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Linux distro that runs from CD ..?

Started by Eddy Van Esch, March 01, 2014, 10:25:32 PM

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Eddy Van Esch


I want to experiment a little bit with Linux but I don't want to install it (yet).
Does anyone know of a good Linux distro that can run from a CD?
Years ago I tried that with a Knoppix 'live CD' but it wouldn't run at the time.

Kind regards

Frank Fenti

almost all of them and I would recommend  a USB thumb drive.


very easy to use, download the live distro iso & select it in the menus. 

using this method you and actually have a Persistence installation; meaning you can install packages, updates and save files.

I have several that I use to rescue systems and surf incognito.

Fedora & ubuntu are high on my list.

remember to backup any files as when they die....  Well I've NEVER gotten any files of a dead one.

Eddy Van Esch

Frank, that seems to be exactly what I was looking for!

I am doing something similar with Windows XP. I have a USB stick with Bart PE and Win XP on it, and another one with Hiren's Boot CD and XP.
I am using them mainly to make OS images.

Thanks a lot!

Kind regards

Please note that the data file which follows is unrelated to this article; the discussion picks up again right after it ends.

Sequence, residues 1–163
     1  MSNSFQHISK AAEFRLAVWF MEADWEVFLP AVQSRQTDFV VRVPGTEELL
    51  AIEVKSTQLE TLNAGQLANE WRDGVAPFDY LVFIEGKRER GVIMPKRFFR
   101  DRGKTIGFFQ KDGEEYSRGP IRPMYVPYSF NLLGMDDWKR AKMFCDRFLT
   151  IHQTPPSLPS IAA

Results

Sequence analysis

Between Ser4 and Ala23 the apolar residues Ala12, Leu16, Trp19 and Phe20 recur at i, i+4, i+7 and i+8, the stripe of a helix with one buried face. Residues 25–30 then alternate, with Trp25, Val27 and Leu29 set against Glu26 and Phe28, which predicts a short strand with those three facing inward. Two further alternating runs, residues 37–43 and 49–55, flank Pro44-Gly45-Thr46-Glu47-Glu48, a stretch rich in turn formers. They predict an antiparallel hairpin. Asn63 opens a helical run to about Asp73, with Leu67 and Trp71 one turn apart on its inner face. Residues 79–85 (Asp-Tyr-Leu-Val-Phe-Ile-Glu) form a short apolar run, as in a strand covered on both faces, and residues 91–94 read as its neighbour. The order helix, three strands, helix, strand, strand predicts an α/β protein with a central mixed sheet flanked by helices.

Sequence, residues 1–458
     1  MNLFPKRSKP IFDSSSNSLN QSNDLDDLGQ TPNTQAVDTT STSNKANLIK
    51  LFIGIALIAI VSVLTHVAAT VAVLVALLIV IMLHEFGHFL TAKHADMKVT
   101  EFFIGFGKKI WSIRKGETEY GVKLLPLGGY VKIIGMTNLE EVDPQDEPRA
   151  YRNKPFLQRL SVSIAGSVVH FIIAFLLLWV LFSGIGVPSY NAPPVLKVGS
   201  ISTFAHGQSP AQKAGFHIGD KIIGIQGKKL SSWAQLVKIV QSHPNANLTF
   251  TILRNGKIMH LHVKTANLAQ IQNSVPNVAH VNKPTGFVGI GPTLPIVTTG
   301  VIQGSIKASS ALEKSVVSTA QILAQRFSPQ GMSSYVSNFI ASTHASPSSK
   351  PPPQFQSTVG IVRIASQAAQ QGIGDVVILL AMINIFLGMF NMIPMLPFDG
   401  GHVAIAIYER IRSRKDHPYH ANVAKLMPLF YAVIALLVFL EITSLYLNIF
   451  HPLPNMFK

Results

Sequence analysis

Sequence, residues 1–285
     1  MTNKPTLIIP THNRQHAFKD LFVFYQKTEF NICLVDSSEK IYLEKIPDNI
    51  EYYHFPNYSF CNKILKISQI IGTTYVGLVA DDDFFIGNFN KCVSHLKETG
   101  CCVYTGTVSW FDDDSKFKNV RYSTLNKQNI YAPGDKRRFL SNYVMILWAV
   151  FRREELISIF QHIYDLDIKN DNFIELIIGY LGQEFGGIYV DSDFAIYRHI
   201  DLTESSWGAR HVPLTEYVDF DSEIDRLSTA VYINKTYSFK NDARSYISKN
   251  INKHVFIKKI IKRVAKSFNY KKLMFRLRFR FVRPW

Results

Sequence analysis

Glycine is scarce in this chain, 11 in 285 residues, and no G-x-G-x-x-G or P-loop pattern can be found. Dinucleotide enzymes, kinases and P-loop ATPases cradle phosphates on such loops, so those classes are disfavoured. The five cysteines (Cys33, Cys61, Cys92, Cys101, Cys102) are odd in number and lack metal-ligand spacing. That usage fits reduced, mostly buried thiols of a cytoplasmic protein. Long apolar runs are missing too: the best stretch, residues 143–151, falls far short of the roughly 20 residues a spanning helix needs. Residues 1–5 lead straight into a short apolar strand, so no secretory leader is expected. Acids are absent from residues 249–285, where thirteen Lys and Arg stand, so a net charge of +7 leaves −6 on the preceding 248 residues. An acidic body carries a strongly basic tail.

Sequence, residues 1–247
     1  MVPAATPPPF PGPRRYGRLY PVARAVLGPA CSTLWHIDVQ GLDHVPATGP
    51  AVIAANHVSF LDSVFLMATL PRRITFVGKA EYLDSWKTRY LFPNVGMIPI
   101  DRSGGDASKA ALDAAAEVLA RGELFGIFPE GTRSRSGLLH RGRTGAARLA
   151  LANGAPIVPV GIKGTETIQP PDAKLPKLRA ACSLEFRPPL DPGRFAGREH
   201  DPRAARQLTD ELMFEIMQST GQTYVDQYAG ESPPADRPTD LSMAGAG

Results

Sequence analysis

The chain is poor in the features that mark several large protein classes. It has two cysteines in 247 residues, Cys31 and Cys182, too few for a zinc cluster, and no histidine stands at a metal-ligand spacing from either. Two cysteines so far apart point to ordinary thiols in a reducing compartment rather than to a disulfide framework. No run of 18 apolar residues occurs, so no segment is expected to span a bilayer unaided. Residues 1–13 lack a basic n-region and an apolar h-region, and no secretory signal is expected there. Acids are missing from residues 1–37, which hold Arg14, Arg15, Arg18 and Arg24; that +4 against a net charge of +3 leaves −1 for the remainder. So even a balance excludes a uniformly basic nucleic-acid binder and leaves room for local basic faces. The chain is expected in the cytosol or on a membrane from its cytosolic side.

Mike Stefanik

Linux Mint comes as a bootable LiveCD that you can also install from, of course. For system recovery, Finnix is fairly popular.

Eddy Van Esch

Thanks for the tips! 
I must say I get a bit lost with all the different distro's and flavors ...
Yesterday I messed around a bit with some tiny distro's (because I only had a 256 MB USB key available  :) ): Puppy Linux and 'Damn Small Linux'.

Today I have a 16 GB USB key and I first tried a 32 bit Ubuntu ( ubuntu-13.10-desktop-i386.iso ). That works fine on a 32 bits system (Intel Centrino CPU) and a 64 bits system (Intel Core i7 CPU).
I am now downloading a 64 bit Ubuntu distro ( ubuntu-12.04.4-desktop-amd64.iso ). I don't know if the 'AMD' means that it does not work on an Intel CPU ... It is a lower version than 13.10 but this is a LTS (Long Time Support) version.

Mike Stefanik